“In times of rapid change, experience could be your worst enemy.” J. Paul Getty, American Industrialist.
As mentioned in previous articles, there have been many changes taking place at Banner Metals Group. Previously, we have focused on the physical changes and remodels, the new company name and website, and new equipment. Now, Banner is experiencing a different kind of change, much of which is a direct result of all the previous improvements.
Banner sales are projected to grow 65% in 2012 and an additional 23% in 2013. With all this new business, Banner management felt an unsurprising, though well-deserved, sense of accomplishment. It wasn’t long however, before the reality of the situation became apparent.
That 88% growth means many new employees – approximately a 43% increase in personnel. Those new employees need to be recruited and trained. We will need to increase our production capacity, buy new machines, and decide where to put them. We will need an accurately detailed plan, with input from every manager and every department.
Bronson Jones, Banner VP and General Manager, realized this planning would have to be accomplished outside the normal office environment, with its constant distractions. He planned what he called a “Managers Retreat”, where the ten member management team met outside the office, in a place specifically designed to encourage creative thinking and power planning.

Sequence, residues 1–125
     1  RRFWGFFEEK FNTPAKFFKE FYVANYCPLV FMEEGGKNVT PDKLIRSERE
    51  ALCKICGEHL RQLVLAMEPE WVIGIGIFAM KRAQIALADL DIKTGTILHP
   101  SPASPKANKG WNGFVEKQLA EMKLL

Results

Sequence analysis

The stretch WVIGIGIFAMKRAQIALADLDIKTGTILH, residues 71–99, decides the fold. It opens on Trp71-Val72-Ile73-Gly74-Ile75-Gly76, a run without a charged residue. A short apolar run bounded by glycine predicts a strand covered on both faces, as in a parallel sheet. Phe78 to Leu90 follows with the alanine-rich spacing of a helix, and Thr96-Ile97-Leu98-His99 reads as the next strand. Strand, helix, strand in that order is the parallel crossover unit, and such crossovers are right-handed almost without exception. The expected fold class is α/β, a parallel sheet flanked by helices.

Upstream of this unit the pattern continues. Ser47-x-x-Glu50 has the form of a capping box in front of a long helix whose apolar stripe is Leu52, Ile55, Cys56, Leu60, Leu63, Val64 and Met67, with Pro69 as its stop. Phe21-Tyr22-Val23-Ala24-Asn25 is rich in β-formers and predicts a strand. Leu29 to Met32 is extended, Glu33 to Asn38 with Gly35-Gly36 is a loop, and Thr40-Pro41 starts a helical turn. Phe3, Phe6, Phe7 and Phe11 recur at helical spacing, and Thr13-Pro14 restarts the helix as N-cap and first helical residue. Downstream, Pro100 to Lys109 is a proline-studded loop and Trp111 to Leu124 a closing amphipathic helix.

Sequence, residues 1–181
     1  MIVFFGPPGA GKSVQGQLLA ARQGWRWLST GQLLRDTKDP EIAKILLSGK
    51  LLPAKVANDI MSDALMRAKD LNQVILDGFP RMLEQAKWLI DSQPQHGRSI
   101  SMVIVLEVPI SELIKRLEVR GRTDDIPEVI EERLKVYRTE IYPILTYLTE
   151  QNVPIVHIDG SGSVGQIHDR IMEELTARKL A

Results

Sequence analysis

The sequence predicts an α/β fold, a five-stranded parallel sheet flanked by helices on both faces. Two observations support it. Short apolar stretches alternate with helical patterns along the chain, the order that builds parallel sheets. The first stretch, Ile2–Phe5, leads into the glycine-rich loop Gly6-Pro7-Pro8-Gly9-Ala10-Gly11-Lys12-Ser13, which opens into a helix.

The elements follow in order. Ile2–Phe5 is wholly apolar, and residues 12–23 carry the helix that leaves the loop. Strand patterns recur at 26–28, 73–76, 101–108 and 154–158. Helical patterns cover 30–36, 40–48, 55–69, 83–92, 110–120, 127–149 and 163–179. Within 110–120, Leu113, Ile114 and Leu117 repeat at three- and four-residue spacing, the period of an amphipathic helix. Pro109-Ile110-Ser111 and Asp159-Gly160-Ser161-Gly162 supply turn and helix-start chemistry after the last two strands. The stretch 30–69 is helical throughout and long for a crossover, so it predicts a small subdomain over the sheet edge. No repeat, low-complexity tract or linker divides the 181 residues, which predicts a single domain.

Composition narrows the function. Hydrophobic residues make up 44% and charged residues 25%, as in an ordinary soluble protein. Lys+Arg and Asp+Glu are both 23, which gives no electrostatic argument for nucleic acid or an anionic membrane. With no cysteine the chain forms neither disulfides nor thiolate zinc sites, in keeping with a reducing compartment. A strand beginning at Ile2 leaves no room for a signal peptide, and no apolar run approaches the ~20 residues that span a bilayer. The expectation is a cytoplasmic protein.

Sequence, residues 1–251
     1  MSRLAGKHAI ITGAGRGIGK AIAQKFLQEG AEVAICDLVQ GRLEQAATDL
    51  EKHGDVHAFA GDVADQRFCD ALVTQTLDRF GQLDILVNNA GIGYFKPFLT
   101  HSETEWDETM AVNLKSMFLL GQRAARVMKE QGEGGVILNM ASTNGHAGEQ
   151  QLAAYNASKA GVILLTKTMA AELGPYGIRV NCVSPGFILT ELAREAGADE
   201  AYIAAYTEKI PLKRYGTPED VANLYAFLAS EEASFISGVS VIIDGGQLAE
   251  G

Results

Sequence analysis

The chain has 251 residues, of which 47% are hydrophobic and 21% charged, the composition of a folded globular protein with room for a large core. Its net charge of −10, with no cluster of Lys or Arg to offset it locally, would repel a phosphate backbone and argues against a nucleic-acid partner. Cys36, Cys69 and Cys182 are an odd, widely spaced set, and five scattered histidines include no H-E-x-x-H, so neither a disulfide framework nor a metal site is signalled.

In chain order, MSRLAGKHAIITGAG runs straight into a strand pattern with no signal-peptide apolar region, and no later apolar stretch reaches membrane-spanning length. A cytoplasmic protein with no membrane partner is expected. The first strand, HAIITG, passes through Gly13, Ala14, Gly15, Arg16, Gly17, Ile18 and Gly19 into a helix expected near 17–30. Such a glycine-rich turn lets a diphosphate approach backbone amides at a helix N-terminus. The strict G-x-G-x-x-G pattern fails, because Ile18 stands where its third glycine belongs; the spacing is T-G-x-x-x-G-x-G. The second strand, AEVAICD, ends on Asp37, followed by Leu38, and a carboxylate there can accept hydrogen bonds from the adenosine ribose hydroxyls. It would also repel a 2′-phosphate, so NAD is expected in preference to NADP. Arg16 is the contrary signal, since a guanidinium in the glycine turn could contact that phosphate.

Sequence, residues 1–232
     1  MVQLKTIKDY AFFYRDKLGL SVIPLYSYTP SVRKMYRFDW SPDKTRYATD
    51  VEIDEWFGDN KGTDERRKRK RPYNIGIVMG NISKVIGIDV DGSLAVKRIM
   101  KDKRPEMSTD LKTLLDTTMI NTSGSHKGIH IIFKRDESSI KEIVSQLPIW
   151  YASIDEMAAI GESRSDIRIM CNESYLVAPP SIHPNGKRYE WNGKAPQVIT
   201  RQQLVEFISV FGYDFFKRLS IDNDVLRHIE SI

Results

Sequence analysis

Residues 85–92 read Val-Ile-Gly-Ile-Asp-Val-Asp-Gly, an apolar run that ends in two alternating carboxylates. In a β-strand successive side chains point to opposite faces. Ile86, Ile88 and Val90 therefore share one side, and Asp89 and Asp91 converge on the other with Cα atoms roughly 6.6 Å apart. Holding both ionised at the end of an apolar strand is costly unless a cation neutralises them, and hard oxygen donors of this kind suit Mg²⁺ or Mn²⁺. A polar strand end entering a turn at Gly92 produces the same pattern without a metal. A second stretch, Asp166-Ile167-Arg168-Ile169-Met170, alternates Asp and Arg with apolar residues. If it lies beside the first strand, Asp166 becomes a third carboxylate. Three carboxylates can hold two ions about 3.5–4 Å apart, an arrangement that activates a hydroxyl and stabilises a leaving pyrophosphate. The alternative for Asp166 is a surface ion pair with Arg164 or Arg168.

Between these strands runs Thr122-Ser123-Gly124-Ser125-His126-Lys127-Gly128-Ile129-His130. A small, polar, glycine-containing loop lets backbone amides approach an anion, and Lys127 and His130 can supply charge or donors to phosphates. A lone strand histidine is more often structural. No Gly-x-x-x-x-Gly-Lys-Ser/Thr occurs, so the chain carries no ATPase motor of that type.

Every Friday for several weeks in a row, the management team met to map out their plan. Regarding these meetings, Banner President and CEO John E. O’Brien III states, “I not only believe that the management retreats are effective for us, but they are a necessity for Banner. With all of the new business coming in 2012, and all of the new employees as well, we must take the time to properly plan, or we will fail ourselves and our customers. This retreat allowed us to give this planning all of our attention, without distractions.”
“Ideas and action items were written on paper and not just mentioned then forgotten. We were able to work through an entire plan without quitting a couple of hours into, and hoping to return at a later date,” stated Don Fisher, Senior Engineer
The one thing that became most obvious during these planning sessions was: we would not be able to do things the way we had in the past. Several welders, as well as additional stamping equipment, have been ordered. New positions were developed, and the number of new people necessary in each department was determined. We need additional forklifts and racks, and we are extending the existing building as much as possible.
Production Manager Ed Berry said, “When I went to a Lean event last month, they were having some of the growth issues we are, but did not have a plan on what to do with space, equipment or people. It felt good to know we are planning ahead”.